Cocalero (Alejandro Landes, 2006). Coca is currency in Bolivia, so one concrete (and unintended) consequence of our country's War on Drugs, with its brutal eradication program in the 1990s which sent marines and local military to uproot and napalm coca farms, was to unify popular resistance into a mass movement. Organizing themselves into unions, Bolivian peasant coca farmers finally succeeded in electing one of their own, Aymara Indian Evo Morales, as the country's first socialist and indigenous president. In the vivid and fluently shot Cocalero, a finalist for the Grand Jury Prize at Sundance, Brazilian-born documentarian Alejandro Landes and Venezuelan-Spanish cameraman Jorge Manrique Behrens tag along as the dynamic yet accessible populist wages his 2006 electoral campaign from the storm-clouded mountains of Cochabamba to the steamy forests of El Chapare. While the burly candidate shrewdly watches for signs of yankee-instigated coups d'état and fields trick questions from right-wing TV personalities ("If you are elected, will we be invaded by Cubans?"), local unions conduct voting rehearsals for the unlettered. Top quality visuals convey his supporters' energy and the movement's optimism, right up to a crossroads moment as Evo locks arms with Fidel and an especially exuberant Hugo Chávez. Robert Keser
The Devil Came on Horseback (Ricki Stern and Annie Sundberg, 2007). Jangaweed is Arabic for "devil on a horse." Do not forget that name—or its translation. In the Darfur region of Sudan, the Jangaweed, a militia group sponsored by the government, has been largely responsible for the genocide that has left hundreds of thousands dead and millions displaced from their homes. Directed by Annie Sundberg and Ricki Stern, whose documentary The Trials of Darryl Hunt is currently in theatrical release, The Devil Came on Horseback explores the tragedy in Darfur through the eyes of a marine captain, Brian Steidle, who took a job with the African Union, armed only with "a camera, pen, and paper." After the area exploded in violence, a heroic Steidle shunned his role as an impartial observer in order to shed new light on the genocide, photographing the horrors committed against Darfur's black Africans and interviewing members of the Jangaweed who readily admit to being funded by officials in Khartoum. Sundberg and Stern's aesthetic is seemingly indebted to Tony Scott (sketchy uses of speculative sound effects, fancy camera angles and whip flashes, and an over-reliance on maps and typewritten fonts), but their insult is not so grand as that of the international community's inaction in the region. Devil Came on Horseback both explains the rationale for the chaos in Darfur in terms we can all understand and asks us to follow Steidle's lead by demanding our leaders to act now in order to save the helpless people of Darfur. God help us if we don't. E.G.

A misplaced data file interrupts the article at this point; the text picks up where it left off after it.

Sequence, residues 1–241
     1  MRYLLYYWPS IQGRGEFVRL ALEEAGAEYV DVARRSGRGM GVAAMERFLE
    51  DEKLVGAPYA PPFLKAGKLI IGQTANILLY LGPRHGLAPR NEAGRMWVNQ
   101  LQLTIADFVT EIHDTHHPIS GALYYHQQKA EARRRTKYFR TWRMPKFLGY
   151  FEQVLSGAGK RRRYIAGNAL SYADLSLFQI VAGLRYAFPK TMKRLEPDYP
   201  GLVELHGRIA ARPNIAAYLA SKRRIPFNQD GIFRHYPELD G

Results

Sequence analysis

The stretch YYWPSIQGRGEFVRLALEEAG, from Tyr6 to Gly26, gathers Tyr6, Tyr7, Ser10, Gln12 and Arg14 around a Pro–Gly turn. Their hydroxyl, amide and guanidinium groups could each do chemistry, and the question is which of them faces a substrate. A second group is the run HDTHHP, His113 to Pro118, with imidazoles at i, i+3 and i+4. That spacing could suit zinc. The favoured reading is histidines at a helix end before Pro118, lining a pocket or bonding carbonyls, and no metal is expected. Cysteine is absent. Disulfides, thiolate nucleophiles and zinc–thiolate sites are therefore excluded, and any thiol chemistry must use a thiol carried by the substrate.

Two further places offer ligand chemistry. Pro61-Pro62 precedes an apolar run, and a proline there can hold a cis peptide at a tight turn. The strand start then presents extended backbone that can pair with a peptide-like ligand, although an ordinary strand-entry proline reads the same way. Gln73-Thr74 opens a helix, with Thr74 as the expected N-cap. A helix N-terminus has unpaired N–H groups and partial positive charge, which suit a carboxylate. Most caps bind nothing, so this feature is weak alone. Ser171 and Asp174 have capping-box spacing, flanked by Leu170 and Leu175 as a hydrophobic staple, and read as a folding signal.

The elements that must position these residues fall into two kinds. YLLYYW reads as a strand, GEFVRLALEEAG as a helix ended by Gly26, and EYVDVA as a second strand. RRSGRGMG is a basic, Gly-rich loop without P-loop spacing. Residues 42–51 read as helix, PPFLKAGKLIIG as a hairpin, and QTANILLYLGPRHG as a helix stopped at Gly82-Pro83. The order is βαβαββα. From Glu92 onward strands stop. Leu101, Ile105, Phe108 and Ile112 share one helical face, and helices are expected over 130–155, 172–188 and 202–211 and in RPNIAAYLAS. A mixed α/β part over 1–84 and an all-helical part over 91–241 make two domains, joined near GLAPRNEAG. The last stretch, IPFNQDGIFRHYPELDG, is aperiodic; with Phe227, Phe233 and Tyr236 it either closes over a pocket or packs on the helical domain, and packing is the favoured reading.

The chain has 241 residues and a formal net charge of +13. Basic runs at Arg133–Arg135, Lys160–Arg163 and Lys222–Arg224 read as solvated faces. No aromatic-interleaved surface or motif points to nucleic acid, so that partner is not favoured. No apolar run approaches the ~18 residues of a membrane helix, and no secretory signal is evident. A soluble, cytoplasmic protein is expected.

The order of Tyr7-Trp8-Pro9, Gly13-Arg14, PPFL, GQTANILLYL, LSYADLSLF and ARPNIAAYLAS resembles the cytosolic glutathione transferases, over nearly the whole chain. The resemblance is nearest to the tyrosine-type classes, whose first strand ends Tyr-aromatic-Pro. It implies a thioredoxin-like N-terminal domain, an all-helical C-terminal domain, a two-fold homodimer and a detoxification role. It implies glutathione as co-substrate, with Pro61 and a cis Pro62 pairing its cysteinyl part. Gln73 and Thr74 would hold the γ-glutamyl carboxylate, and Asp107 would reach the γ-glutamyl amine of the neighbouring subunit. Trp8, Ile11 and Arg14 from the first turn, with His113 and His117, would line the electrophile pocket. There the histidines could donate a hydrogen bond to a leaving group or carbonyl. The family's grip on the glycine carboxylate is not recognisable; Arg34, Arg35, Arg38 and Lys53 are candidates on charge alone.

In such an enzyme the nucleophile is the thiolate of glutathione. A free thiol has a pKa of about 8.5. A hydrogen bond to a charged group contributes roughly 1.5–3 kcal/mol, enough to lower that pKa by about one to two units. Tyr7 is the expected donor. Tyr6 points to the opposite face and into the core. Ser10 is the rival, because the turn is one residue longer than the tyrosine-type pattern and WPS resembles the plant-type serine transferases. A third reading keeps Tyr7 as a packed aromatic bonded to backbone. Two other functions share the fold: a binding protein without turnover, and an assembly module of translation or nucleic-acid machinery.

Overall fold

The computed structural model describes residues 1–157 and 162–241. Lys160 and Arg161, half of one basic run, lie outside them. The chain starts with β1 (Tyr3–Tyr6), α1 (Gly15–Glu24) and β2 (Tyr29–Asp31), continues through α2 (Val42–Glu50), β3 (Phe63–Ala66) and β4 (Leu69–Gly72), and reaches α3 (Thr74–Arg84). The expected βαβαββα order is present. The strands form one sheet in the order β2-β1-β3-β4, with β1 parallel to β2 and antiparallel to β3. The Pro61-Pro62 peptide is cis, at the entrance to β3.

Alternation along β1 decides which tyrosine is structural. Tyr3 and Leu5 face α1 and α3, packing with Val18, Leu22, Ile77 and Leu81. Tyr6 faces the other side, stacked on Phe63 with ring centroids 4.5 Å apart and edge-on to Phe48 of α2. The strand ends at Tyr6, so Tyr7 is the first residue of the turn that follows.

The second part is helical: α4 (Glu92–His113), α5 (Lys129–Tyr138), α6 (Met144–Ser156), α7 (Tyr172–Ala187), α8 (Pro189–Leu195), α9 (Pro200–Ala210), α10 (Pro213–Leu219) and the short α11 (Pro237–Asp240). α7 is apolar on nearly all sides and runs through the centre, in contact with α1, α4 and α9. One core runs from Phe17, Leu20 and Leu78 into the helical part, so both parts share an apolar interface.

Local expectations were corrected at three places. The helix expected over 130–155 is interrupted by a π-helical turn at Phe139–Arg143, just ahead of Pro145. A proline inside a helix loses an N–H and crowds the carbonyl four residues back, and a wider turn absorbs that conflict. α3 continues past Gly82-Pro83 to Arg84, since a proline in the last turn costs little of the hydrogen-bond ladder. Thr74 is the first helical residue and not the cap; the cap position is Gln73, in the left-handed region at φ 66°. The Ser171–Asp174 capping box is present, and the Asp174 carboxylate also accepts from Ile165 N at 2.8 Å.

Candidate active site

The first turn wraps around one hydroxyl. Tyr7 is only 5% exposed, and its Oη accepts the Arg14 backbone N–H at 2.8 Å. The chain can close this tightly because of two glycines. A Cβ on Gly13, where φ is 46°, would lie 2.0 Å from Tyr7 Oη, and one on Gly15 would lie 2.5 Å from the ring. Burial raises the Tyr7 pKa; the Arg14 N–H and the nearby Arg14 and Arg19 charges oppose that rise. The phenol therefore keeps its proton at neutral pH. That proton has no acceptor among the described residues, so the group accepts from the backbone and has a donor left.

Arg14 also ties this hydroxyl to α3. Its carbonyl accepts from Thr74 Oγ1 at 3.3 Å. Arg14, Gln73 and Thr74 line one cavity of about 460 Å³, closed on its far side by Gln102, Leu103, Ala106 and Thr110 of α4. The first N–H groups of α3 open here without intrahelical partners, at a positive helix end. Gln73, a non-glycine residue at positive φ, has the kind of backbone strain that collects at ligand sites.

Election Day (Katy Chevigny, 2007). On November 2, 2004, the day of the Bush-Kerry showdown, filmmaker Katy Chevigny deployed a dozen-plus film crews across a great swath of the country, from Wisconsin to Florida, to track a cross-section of the American citizenry exercising their franchise. The result is the masterful verité documentary Election Day, which cuts across race, class, and ethnicity to give us a snapshot of a politically-informed and galvanized America. Included in this dense fabric: a bulldog-like Chicago poll-watcher; American-Indian activists struggling to turn the tide of their community's traditionally low turnout; a Muslim woman urging her family to vote; lower-class black voters weary and frustrated by polling discrepancies; an ex-felon casting his ballot for the first time; working-class parents struggling to make ends meet, cynical of America's widening economic gap; and an Australian election observer, clearly concerned about the intolerably long voter wait-times, and inadequately equipped polling stations. Underscoring all these stories is their subjects' enduring and passionate belief in democracy. For her open-hearted yet gently caustic style, Chevigny proves herself a worthy inheritor of Frederick Wiseman and his Direct Cinema compatriots. The verité sights and sounds give us a charming, engrossing glimpse of everyday America, and, in the shrewdness with which they're cut together, offer an unmistakable critique of the voting system, and—seen three years since the Bush reelection—of the tragic path we've been led down since. Jay Antani